For the airbrake video click here

 

This changes the angle of attack of the wing, kills the lift and drives the model and falcon down to the ground. If the falcon has it by the head it should come down smoothly in a steep glide. The arm of the airbrake servo at the base of the tail is a weak link that should break in a smash and release the wing. It is easily replaced with one screw. We want the arm to break first, rather than strain the gears in the servo. The airbrake is useful when flying in confined spaces or with big powerful falcons that can easily carry.

 

The wings are held on with rubber bands so that when the model hits the ground, if a wing tip hits first, the rubber band provides some ‘give’ rather than transmitting the shock into the airframe and risking damage. Some falcons can cut the band in a stoop, in which case fit 2 bands. The wing can be detached easily from the airbrake cup by sliding the bands off the two ends of the steel pin. The bands can be run parallel to the body or crossing over the body, or even two smaller bands joined together to form a figure eight. They should be tight enough to prevent wing flutter in a stoop.

Some falcons are very hard stoopers and there is a real risk of injury when they strike the model. Although the model is only 650 g, the impact can be tremendous and risky for the falcon. For these falcons we strongly recommend always using the stoop pad. This covers the strike area on the head and shoulders of the model. In extreme cases, also cut off the plastic rim of the airbrake or wing guard in the strike area with a Dremel. The pad is held in place at the front with the red neck band, and at the sides by crossing the rubber bands. There is a light carbon tube in the tail area to protect against the pressure of the rubber bands.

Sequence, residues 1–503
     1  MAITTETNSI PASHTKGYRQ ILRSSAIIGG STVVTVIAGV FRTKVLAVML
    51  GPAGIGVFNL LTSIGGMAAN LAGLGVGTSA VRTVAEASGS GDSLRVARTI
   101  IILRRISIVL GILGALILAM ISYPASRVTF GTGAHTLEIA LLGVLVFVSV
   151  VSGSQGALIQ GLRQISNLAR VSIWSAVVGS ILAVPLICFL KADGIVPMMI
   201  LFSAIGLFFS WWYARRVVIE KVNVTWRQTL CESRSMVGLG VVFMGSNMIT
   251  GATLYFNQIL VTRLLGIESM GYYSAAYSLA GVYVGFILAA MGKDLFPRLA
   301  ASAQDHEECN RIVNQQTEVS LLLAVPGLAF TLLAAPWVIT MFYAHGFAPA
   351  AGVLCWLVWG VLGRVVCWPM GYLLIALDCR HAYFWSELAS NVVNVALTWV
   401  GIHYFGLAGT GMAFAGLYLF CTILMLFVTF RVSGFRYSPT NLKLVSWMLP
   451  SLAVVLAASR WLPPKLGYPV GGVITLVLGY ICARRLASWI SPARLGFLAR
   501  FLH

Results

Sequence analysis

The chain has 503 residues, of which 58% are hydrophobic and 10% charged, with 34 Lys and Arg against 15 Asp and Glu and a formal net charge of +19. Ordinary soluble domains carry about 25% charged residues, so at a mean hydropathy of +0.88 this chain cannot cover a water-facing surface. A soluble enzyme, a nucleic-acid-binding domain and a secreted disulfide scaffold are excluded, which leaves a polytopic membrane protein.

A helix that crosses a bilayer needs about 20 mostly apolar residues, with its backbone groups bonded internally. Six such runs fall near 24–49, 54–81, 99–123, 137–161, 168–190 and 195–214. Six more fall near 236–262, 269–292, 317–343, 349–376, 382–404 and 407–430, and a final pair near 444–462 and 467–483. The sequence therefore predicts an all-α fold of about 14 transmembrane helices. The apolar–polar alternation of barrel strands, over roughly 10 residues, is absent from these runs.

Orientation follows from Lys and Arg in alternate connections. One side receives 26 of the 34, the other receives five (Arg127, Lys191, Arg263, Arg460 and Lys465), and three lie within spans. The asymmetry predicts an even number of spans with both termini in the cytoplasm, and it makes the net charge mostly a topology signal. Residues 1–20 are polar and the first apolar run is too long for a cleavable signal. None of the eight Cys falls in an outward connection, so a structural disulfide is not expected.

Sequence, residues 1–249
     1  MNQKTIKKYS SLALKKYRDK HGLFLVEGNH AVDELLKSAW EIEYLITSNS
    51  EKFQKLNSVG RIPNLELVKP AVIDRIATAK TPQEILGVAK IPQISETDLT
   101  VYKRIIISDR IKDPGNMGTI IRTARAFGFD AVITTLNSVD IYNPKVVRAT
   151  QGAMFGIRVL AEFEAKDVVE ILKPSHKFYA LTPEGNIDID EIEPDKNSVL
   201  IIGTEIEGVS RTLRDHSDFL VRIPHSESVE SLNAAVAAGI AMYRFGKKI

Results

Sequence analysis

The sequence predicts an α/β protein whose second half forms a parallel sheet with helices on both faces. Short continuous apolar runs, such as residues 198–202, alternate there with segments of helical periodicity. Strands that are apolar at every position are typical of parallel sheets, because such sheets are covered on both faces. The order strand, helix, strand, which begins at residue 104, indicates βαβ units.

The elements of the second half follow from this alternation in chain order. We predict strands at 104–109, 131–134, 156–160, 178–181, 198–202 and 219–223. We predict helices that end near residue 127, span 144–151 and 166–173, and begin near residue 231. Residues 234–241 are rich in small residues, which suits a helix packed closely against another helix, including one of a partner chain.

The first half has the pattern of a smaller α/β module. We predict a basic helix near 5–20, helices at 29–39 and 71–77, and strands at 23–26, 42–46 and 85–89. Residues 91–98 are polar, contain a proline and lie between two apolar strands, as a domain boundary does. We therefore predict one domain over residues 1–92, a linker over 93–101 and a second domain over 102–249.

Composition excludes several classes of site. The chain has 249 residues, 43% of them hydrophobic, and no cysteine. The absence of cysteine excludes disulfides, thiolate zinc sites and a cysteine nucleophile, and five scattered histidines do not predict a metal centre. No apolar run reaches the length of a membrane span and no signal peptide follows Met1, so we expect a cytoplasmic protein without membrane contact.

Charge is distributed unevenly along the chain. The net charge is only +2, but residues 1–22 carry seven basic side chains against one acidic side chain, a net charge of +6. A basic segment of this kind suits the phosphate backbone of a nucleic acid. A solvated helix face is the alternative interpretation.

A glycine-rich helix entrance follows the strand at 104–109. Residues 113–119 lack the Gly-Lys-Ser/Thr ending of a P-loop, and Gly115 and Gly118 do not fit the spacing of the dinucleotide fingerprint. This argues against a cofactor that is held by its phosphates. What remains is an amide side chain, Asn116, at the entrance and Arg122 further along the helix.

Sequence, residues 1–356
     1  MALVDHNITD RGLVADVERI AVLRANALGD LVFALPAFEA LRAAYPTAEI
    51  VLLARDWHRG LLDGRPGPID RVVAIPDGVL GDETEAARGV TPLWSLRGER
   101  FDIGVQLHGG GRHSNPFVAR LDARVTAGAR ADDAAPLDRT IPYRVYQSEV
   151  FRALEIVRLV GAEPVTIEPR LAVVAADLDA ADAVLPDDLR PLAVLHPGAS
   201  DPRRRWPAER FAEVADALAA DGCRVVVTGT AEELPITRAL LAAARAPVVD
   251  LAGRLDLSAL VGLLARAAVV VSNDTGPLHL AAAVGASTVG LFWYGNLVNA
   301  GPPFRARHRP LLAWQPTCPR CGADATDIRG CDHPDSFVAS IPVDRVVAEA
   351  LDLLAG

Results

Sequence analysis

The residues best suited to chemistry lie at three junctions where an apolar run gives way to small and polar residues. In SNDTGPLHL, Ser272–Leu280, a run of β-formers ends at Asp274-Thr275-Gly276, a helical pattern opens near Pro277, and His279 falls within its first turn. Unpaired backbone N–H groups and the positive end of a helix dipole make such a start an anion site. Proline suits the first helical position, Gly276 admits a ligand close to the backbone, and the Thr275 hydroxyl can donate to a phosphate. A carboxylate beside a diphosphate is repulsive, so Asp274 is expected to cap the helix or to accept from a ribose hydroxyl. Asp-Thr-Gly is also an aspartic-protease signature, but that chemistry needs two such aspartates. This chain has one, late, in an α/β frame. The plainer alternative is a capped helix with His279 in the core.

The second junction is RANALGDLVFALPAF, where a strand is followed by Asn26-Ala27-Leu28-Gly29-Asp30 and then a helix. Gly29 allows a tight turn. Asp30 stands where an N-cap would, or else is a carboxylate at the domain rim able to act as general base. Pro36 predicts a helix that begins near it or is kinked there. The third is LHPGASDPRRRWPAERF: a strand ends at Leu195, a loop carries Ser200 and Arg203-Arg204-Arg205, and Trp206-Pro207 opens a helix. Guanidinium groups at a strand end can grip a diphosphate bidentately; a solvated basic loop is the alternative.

The tail is narrow and tough to resist damage, especially from young raptors who tend to grab by the tail until they get more experience. There are no control surfaces on it to worry about. This means that extra things can be stuck on the tail: shredded bin liner plastic to create attractive fluttering, or even a full length cock pheasant tail that goshawks find irresistible. The vertical fin is designed to promote manoeuvrability and flight performance in the stall. If after a lot of adventures, your tail is chewed up beyond repair and is more glue than foam, it can be cut clean off. There is a faint guideline for this moulded around the fuselage. It is important that the new tail is glued on straight or it will fly like a boomerang. 

Thus all your parts are modular and replaceable. Most repairs and replacements can be done yourself often in the field. The flight box is designed to hold all your bits and pieces, batteries, glue, accelerator, spare bands and any other items. Keep them all together in the box. Don’t go all the way to your flying field and then discover you have left your batteries at home on charge (yes, we admit it!).